Posted by Matt Staggs
I’m currently finishing Jeffrey Ford‘s phenomenal collection of short fiction “The Drowned Life,” and I’m experiencing a bit of anxiety as I approach the final few pages. You see, I am planning to write a review of the book. So why, you might ask, am I so nervous? Am I planning on writing a review that will evoke Mr. Ford’s ire? Indeed, not! Far from it. In fact, the reason I am so anxious about this looming review is that the book is so good.
You ever read a book whose quality surpassed your own descriptive capacity? For me, this is that book – or rather – one of those books. Words escape me as I try to communicate the things these stories make me feel.Â It’s like trying to catch a dragonfly in flight with just your thumb and forefinger: elusive, beautiful and far above my own fumbling grasp.
I’ve had these kinds of experiences before, and with all kinds of literature. “One Hundred Years of Solitude” by Gabriel Garcia-Marquez left me similarly tongue-tied. So did “Spaceman Blues: A Love Song” by Brian Francis Slattery. Strangely enough, the ending of Edgar Rice Burroughs’ “A Princess of Mars” elicited a similar response. Looking now at the list I’ve created, I would have to guess that a feeling of longing would be the common denominator: the longing for a more magical life, maybe. It’s the feeling that I’m missing something, and much like being in a dark room that is suddenly illuminated, until these authors turned on the lights I never knew anything was missing at all.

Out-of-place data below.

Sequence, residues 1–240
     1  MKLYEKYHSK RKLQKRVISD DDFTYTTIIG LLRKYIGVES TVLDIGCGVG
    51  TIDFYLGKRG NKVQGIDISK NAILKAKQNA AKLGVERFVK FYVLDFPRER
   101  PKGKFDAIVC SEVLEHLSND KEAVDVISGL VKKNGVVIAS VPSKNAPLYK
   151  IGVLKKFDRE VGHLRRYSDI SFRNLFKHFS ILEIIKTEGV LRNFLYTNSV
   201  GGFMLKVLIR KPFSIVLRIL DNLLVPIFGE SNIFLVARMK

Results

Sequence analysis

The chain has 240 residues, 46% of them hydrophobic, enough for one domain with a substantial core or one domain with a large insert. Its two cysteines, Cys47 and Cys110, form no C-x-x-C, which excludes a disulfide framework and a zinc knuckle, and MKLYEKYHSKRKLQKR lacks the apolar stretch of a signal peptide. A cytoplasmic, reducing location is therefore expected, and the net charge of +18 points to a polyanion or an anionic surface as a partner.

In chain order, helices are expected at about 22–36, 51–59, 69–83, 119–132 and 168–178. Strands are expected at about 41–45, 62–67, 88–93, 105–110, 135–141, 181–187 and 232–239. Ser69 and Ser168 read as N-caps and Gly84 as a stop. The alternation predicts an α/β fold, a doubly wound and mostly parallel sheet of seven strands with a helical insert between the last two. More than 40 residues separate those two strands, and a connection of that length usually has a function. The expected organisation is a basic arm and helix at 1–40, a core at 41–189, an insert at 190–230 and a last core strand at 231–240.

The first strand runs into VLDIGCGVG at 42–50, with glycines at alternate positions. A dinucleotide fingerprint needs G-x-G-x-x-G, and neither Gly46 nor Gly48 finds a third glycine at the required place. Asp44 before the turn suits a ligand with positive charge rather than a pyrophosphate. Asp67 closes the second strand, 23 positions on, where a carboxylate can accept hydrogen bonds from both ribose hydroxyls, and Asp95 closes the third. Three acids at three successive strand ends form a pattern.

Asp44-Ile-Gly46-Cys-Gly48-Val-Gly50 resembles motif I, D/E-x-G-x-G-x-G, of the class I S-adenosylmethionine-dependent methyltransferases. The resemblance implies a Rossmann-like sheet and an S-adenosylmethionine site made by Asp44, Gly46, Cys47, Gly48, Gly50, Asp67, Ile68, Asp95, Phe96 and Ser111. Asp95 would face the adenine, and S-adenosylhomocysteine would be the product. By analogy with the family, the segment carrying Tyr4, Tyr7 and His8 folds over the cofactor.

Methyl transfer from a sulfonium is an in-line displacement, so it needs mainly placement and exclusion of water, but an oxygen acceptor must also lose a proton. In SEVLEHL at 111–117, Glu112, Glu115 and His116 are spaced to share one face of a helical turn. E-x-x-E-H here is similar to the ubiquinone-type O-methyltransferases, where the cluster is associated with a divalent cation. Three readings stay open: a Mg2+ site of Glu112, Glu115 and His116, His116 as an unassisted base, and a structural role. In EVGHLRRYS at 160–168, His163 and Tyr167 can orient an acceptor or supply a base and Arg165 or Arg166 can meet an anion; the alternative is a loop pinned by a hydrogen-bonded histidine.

C.S. Lewis wrote of this feeling – this inarticulable feeling – in one of his numerous works of Christian apologia. Although I cannot quite remember the exact phrase, he ascribed it to a “longing for Heaven” that is common to every human heart. Although I am not a religious man, I can compare my own experience to his own and find similarity. While Lewis had his church, I have my books, and I look to authors like Ford to provide me with these tiny slices of heaven.
“The Drowned Life” invokes this most ephemeral of responses, and by its very nature I am at a loss to fully explain it to you: a commonality of all gnostic experiences. The only way for you to truly understand is to experience it yourself, which I urge you to do.
“The Drowned Life” will be available in November of 2008.